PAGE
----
What's the outrage du jour? It's today's outrage.

I like to be in the loop, and I like to fit in, so I need to know: Is this whole airport body-scanner/pat-down thing the thing we are caring about this week? I mean, this thing got pretty big leading up to Thanksgiving: folks talkin' bout voicing their displeasure by opting out of the intrusive and personally humiliating scanner screening, and opting into what I've heard is an even more intrusive and horrifying full law-enforcement pat-down. Why opt for the worse option? Well, because it is slower, and (ostensibly) a bigger pain in the ass for the TSA, thereby causing huge delays, thereby embarrassing them (the TSA) and really getting the message across. Really, though, it seems like it's a bigger pain in the ass for the people behind you in line that just want to get where they're going, which seems to be the reason why the protest kind of fizzled. Rightfully so- I think it would have punished the TSA much in the way that refusing to do your homework and failing that class punished the teacher you hated so much. I just don't think it makes the person you want to make pay, pay.

So, Thanksgiving disaster averted, but Christmas looms.

Quick catch-up, if you need it: New scanners show ghosted nude image of traveller to some officer at remote screen in on-site closed room. Images are not stored, nor are they capable of being transmitted (says TSA). Don't wanna play that game? You gotta get frisked like Chevy Chase in Fletch. Oh, and there's a little radiation involved in first method, but not much. Less than in a McRib. Third option is driving to your holiday destination.

The reason people are opting out of the scan is not the radiation, but the thought of a stranger seeing a naked image of them. Also, people don't like the possibility of the image being associated with their true identity and being leaked on the internet, I guess. Knowing what I know about diminishing returns, I imagine that the screeners checked out the genitals on maybe the first five images, then got bored (or worse) and started doing their job.

As for the leaking of images, who would do that? and why? unless Scarlett Johansson and hubby Ryan Reynolds are travelling together. Disputed, though, is how much of a nude "picture" the picture is. I propose this test: send the aforementioned couple through a scanner monitored by male 40 y.o. screener. If image of Johansson (straight screener) or Reynolds (gay) provokes erection, then images are probably intrusively detailed.

I bet if I thought about it- I mean really read up on it and put some serious cognitive energy behind it, I might be outraged, too. I might think it is un-American and a violation of the Constitution, which is so in right now. But my gut instinct? Well, I guess I don't care that much. I doubt I would like the pat-down, but I doubt it would ever come to that, because I doubt I would ever care enough to opt out of the body scan. I've had one. I mean, I have dealt with airport security for years, and I just accept it now as a pain in the ass; but I get the point. Sure, I'd like to walk onto a plane as nonchalantly as one gets on a bus or train, but that ain't happening. Had the terrorists roadjacked the overnight 'Hound from Columbus to Memphis and crashed it into a Waffle House, then maybe the whole thing would be reversed, and flying wouldn't be the hassle it is.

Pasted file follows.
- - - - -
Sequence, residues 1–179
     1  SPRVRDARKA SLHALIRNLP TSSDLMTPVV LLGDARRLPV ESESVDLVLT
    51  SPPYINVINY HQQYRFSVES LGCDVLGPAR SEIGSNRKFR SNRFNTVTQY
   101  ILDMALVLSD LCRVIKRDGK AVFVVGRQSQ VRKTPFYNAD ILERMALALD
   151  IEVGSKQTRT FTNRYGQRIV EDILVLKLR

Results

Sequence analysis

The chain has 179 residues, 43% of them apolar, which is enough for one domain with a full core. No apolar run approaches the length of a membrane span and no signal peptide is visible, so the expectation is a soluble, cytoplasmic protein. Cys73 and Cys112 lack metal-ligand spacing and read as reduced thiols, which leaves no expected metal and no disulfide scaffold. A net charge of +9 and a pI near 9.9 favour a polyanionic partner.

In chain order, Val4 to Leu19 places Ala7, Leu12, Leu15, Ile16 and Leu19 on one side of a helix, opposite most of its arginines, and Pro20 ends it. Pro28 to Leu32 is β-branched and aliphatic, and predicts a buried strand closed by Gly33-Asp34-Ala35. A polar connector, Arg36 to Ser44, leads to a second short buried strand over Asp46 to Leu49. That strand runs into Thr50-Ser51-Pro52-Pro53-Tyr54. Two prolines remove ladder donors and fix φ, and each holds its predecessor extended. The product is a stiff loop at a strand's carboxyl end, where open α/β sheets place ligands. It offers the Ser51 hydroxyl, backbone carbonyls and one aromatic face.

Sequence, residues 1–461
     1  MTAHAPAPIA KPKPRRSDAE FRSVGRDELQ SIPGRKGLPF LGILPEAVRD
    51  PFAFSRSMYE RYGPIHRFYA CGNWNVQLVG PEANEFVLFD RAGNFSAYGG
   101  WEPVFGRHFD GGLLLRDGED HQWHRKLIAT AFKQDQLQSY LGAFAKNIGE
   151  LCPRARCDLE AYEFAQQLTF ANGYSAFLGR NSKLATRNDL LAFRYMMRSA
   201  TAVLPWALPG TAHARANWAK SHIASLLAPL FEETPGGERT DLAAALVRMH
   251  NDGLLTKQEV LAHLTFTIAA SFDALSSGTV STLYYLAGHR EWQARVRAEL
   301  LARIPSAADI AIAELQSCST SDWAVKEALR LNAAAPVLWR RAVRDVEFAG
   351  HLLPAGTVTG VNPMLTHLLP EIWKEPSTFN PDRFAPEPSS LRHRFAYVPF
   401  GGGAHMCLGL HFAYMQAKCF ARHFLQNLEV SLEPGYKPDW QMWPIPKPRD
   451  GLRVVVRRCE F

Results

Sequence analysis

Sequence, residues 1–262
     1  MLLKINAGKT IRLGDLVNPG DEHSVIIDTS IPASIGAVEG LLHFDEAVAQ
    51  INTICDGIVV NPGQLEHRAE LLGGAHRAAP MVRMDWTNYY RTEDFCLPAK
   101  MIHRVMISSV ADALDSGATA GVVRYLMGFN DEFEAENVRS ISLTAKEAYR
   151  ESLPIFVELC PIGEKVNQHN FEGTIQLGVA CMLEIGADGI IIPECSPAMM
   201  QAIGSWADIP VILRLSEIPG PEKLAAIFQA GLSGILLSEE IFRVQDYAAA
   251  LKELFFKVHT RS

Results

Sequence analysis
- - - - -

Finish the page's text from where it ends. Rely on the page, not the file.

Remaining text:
But they didn't, so it's not, so it is. Hey, I don't like the metal detector. I don't like worrying about if I have a wine-opener in my bag, or my keys in my pocket, and now I have to take off my fucking shoes. What I really hate is when they go through your bag- that bothers me more than a thorough pat-down would, but maybe that's because I am in pretty good shape but am a very messy packer.

But, like I said, I guess I just don't think about it that much. Or hadn't until now, when I heard voices out of this tinny uproar telling me how much I should care about this violation of my rights. How I should be outraged too, and if I'm not, then I'm a part of the complacent problem.

My response to that is this: I think about what they are doing to me in the airport as much as we collectively think about the implications of gassing up our cars. Or as much as we think about whether or not we should eat meat. Or downloading music illegally. Or maybe as much as we think about shopping online to get the cheapest whatever from wherever while our neighbors' businesses go belly-up. Or maybe about as much as flinging an empty water bottle into the trash.

See, because pretending to care takes nothing, and really caring is an energy- and sometimes joy-sucking slippery slope. It takes thought. It is infinitely harder to actually care, because that requires self-awareness and action, and meaningful action hurts.

THANKS FOR THE BIRTHDAY WISHES!!! I LOVE YOU ALL SO MUCH!! YAY! updates the birthday girl on Facebook. I wonder what meant more: the hundreds of Happy Birthday!s from acquaintances who were reminded of her birthday by a machine, or the hand-written and stamped card from Grandma that got there two days early. Who showed that they cared?

The United States has been illegally wiretapping its own citizens regularly since 9-11. This is old news. Tax dollars subsidizing companies whose executives make in a day what most of those taxpayers make in a year? Common knowledge. We fought a war in Iraq based on false pretenses, and thousands of people have died there. Scores of thousands, really, if you count Iraqis as people.

So if you don't like all this airport stuff, fine. I respect that. But if you want to care, I hope you started earlier, and you better not stop now. Because every day things happen to be enraged about, to care about, and to cry about, and we just look silly when we don't notice until a strange hand grazes the underwire of our own personal bra.